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Thursday, April 11, 2002

Tucked in

Posted on Thu, Apr 11, 2002 at 4:00 AM

So this lady from England and this guy from Florida decide to open a restaurant ...

It could be the setup for joke, except that Sonya Condrey, who is the Englishwoman in question, didn't find much to laugh about when she and her husband, Darrell, opened Logan's Bistro a couple of months ago. "We had a rough opening," she says. "We did a lot of things backwards, and we had to start all over again."

Looks like the second start was the charm. The Condreys are no stranger to Orlando food -- they've run Logan's Deli in the downtown SouthTrust Bank Building for several years -- but this is their first full-service outing. The new place is near the Virginia-Mills crossroads, but on the less-traveled axis of Virginia Drive, between a frame store and a printing shop; it's a stretch that has few other dining choices, much less one that stands out. Yet the location might be the very thing that draws the crowds. A recent lunchtime visit found plenty of folks filling the tables in the earth-toned eatery, with Darrell playing gregarious host and Sonya handling orders behind the counter.

Logan's boasts that it makes everything fresh, so when the niçoise salad ($7.99) lists tuna as an ingredient, you get chunks of grilled fish atop crunchy romaine leaves, crisp green beans, potatoes and particularly nice little artichokes.

Even though potatoes appear in the niçoise, I still ordered a side of potato salad ($1.50) and was rewarded with a healthy serving of firm spuds mixed with tiny bits of tomato, red pepper and parsley -- almost a potato gazpacho.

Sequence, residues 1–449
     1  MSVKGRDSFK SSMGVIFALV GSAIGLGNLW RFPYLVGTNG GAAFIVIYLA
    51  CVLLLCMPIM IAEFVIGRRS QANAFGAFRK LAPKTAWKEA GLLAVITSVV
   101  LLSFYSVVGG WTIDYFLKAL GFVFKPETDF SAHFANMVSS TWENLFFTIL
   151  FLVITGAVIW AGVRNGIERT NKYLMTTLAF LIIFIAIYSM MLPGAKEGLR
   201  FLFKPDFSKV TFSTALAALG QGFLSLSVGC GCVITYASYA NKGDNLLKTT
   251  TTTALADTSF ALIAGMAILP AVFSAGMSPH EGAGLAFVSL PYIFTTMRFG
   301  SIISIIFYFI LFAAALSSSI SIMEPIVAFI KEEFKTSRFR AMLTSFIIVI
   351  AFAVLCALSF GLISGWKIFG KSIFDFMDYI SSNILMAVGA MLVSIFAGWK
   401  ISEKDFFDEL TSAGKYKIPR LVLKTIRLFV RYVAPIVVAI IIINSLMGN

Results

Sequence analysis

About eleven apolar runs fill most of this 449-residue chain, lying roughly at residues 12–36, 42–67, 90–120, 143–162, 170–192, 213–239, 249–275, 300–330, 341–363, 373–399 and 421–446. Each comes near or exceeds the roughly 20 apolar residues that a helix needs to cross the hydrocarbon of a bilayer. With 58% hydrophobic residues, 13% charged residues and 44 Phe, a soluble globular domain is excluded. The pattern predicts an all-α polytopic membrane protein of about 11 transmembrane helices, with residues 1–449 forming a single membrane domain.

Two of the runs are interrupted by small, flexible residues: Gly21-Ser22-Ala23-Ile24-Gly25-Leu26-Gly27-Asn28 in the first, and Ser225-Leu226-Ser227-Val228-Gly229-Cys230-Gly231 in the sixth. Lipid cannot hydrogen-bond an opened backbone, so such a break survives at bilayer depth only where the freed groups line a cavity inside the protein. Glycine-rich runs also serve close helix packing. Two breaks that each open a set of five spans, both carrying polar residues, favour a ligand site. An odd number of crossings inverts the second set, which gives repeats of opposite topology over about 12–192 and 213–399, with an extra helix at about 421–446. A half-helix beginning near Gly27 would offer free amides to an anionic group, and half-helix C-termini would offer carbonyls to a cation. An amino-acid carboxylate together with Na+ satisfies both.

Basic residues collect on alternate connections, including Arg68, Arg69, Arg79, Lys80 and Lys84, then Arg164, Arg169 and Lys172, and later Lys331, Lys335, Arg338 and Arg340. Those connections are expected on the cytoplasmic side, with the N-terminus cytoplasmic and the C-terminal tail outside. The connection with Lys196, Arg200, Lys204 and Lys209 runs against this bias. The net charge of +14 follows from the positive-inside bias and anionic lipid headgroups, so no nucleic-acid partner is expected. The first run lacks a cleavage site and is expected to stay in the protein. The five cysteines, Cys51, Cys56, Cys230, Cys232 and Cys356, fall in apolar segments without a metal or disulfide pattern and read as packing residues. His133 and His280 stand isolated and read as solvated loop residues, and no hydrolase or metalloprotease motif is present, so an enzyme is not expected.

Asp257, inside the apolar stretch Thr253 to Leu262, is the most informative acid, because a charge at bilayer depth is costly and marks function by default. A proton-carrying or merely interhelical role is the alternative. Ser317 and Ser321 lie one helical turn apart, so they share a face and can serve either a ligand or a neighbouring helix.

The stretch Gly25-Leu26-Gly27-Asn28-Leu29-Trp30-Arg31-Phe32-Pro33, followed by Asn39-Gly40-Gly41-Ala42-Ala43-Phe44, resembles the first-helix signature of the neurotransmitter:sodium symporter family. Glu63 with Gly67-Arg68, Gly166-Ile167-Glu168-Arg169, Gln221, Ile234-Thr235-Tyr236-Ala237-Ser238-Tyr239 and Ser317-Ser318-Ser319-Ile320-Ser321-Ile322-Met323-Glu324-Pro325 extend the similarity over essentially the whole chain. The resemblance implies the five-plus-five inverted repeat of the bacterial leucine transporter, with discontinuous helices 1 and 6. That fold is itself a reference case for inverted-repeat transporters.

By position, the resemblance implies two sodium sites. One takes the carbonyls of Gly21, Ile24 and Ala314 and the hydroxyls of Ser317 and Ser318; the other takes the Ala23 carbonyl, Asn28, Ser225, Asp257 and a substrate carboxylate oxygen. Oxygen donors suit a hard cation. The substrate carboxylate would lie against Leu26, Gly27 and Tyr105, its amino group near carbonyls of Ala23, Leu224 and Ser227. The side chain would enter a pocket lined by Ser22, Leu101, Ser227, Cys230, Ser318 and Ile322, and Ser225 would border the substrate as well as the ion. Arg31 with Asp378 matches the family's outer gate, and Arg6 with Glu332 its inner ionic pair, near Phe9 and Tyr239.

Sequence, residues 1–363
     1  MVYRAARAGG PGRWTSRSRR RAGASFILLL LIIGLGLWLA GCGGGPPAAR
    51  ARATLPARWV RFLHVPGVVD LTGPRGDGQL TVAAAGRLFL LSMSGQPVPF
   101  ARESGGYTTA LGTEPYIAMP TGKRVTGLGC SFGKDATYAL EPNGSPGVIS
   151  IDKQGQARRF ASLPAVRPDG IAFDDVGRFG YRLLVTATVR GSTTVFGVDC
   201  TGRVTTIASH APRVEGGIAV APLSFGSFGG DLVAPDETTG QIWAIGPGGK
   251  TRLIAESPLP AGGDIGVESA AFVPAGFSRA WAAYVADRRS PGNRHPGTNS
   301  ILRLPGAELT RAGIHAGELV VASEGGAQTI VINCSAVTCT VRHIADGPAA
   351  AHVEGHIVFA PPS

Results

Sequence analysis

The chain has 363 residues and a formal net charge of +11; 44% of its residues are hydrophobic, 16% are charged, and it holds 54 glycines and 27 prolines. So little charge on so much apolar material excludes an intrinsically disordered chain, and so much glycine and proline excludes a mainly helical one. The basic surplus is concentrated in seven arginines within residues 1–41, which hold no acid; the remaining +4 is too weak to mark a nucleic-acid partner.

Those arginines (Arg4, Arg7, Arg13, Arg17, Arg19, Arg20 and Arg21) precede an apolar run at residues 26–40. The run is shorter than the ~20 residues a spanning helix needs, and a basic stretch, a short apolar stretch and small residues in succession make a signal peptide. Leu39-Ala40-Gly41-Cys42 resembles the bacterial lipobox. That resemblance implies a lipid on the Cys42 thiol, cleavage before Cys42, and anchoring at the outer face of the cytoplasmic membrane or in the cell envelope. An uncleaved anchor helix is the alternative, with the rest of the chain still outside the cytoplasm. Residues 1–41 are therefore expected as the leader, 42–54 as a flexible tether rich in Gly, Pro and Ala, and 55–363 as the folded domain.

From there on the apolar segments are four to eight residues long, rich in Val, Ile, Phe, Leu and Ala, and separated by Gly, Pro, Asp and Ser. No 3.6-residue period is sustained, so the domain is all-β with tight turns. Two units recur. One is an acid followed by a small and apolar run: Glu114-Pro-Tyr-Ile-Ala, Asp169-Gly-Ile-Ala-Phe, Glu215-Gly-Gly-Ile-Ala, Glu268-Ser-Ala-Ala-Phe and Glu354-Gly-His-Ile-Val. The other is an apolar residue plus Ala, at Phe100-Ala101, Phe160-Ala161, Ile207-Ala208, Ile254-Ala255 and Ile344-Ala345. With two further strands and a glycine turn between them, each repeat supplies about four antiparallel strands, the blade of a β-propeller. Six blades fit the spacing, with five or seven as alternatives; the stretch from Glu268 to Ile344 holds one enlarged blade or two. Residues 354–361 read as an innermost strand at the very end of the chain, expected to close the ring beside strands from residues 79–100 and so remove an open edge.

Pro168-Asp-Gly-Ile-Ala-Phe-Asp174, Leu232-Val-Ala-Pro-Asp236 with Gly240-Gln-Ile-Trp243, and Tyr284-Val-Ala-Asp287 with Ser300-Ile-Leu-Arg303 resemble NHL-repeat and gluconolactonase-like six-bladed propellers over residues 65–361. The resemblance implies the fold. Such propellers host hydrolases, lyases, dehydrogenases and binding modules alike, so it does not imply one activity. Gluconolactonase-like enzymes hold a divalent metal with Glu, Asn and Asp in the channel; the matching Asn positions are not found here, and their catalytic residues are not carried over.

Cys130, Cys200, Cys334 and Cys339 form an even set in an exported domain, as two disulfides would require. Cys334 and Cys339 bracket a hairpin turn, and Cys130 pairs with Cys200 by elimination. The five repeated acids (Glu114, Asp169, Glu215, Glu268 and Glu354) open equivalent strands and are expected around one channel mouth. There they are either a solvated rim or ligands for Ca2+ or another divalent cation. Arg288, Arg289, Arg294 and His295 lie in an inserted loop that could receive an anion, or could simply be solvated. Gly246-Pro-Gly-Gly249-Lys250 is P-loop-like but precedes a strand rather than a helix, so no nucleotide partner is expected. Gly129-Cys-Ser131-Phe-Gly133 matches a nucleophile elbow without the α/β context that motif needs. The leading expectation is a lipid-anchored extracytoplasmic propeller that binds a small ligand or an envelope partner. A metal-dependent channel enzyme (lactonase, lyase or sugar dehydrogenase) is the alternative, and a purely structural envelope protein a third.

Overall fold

Not gazpacho, but tabouli graces the "Mediterranean plate" ($7.50), and it's quite good, along with giant pearl couscous, hummus and fresh-from-the-grill peppers and eggplant.

Sandwiches are big, tasty and a value for the buck. I was very pleased with the chicken salad ($5.65): real roasted chicken mixed in a lemon mayo and served on a croissant.

The "Reuben with attitude" ($6.95) is a worthy interpretation, despite the strange name. (What attitude? Defensive? Intellectual but not stuck-up?) The vinegary sauerkraut pleasantly offset the lean pastrami and creamy Swiss cheese ($6.95).

Most of the salads and appetizers are on the dinner menu, with sandwiches replaced by entrees like marinated pork loin with mustard sauce ($15.95), beef tenderloin ($19.95) and roast chicken with sage butter ($10.95). Draft beers and wine are available.

There's parking in the back, with a tiny driveway that you'll have to look carefully for. Drive slowly, or you'll miss it, and that would be a shame.


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